(Missed problems and missed opportunities with addicted doctors. We need a special service for doctors addicted to drugs or alcohol)
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In an editorial in this week's BMJ, Strang et al argue that a dedicated service for addict doctors is now long overdue and is an important element that was insufficiently addressed by the otherwise excellent BMA report on the subject last month. Doctors are at special risk of developing addiction problems, say the authors, owing to the strain of medical practice, erosion of the taboo against injecting and opiates and access to supplies. Once addicted, doctors face a major problem in accessing effective treatment, finding themselves isolated and carrying a stigma, such that they feel that they cannot seek treatment from 'colleagues'.
Strang et al suggest that three components of care are essential:- access to treatment should be simple particularly in times of crisis; treatment should be at a dedicated unit with other addicted healthcare professionals and there should be special arrangements for supervision and post-treatment monitoring. The authors conclude that the phenomenon of the addicted doctor may shock and offend, but nevertheless must be addressed by both the profession and employers as an important cause of impaired performance through ill health.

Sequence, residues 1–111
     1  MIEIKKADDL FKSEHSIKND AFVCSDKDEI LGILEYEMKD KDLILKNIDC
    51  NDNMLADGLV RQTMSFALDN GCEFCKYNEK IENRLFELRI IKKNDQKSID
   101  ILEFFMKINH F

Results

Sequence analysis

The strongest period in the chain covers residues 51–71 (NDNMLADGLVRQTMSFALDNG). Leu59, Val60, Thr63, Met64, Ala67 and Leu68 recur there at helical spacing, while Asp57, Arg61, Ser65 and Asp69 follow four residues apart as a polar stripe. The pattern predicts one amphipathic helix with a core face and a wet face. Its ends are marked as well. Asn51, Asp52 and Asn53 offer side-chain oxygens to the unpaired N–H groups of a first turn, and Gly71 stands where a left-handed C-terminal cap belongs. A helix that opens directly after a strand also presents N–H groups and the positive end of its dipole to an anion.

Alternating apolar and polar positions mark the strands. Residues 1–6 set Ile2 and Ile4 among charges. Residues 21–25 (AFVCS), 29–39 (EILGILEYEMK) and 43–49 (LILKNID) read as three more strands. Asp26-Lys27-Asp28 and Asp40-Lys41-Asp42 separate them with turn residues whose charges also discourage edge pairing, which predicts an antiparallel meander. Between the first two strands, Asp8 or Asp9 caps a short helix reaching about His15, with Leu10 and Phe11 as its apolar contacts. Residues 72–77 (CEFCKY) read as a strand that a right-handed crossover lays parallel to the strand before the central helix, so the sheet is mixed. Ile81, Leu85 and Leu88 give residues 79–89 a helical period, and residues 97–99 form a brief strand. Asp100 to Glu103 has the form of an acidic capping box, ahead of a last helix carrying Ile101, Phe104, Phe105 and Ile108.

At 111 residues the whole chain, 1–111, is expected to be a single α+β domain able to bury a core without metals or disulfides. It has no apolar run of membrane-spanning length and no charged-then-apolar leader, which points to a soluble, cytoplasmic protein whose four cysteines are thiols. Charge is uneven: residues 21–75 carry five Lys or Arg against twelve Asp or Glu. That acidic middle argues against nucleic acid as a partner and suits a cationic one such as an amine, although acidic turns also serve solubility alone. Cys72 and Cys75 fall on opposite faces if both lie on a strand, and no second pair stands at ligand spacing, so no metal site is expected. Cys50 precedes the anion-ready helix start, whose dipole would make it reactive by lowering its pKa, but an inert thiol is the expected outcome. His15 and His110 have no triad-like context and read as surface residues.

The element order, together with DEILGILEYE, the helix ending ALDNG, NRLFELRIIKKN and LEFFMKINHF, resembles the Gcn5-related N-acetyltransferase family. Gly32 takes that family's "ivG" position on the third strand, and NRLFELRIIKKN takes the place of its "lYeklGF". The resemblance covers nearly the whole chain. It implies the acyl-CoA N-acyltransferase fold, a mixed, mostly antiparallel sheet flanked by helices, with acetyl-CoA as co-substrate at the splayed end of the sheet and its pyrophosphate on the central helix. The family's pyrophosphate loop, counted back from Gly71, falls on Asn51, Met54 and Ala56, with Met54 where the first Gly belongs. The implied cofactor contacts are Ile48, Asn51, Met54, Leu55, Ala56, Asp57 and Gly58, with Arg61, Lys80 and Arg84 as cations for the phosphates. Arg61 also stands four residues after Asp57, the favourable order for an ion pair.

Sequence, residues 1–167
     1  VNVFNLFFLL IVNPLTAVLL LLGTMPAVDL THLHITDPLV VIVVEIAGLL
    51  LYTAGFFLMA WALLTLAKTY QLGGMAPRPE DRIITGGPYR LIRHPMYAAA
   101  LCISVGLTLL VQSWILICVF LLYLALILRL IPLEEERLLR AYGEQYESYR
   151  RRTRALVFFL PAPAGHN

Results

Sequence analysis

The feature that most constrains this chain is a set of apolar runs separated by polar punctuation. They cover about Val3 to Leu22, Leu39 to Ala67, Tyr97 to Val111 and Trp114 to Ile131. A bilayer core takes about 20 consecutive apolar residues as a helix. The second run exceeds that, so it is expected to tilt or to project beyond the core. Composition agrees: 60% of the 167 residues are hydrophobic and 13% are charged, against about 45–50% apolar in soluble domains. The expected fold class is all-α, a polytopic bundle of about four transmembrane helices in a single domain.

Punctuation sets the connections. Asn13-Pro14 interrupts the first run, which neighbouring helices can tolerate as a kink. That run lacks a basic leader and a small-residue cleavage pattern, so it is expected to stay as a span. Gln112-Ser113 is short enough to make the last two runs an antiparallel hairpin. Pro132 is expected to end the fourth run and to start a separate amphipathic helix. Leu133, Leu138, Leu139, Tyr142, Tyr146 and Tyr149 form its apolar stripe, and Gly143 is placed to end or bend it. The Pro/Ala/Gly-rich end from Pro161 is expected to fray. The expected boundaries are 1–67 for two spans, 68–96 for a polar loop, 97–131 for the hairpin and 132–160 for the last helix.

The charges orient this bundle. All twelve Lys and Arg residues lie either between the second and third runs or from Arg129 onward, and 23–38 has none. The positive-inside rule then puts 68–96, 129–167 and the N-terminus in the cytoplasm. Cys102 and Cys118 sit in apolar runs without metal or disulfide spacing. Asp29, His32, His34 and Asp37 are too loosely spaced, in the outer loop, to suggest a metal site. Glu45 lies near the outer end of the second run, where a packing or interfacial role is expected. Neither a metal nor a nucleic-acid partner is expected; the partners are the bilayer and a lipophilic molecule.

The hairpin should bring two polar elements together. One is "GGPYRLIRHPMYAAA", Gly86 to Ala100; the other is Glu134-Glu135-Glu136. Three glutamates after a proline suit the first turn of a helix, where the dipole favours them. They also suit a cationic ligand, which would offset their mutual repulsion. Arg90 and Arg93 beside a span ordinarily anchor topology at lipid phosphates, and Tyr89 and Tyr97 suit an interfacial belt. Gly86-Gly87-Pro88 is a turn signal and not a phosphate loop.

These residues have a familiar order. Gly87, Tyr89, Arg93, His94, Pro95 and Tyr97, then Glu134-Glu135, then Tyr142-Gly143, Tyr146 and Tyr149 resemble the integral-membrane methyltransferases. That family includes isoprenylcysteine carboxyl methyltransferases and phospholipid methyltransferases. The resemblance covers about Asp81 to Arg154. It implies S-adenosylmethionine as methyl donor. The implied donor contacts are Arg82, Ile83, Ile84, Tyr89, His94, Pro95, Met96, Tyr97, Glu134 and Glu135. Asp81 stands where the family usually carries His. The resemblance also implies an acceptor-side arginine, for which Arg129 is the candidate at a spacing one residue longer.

Professor John Strang, Professor of the addictions, National Addiction Centre, The Maudsley/Institute of Psychiatry, London
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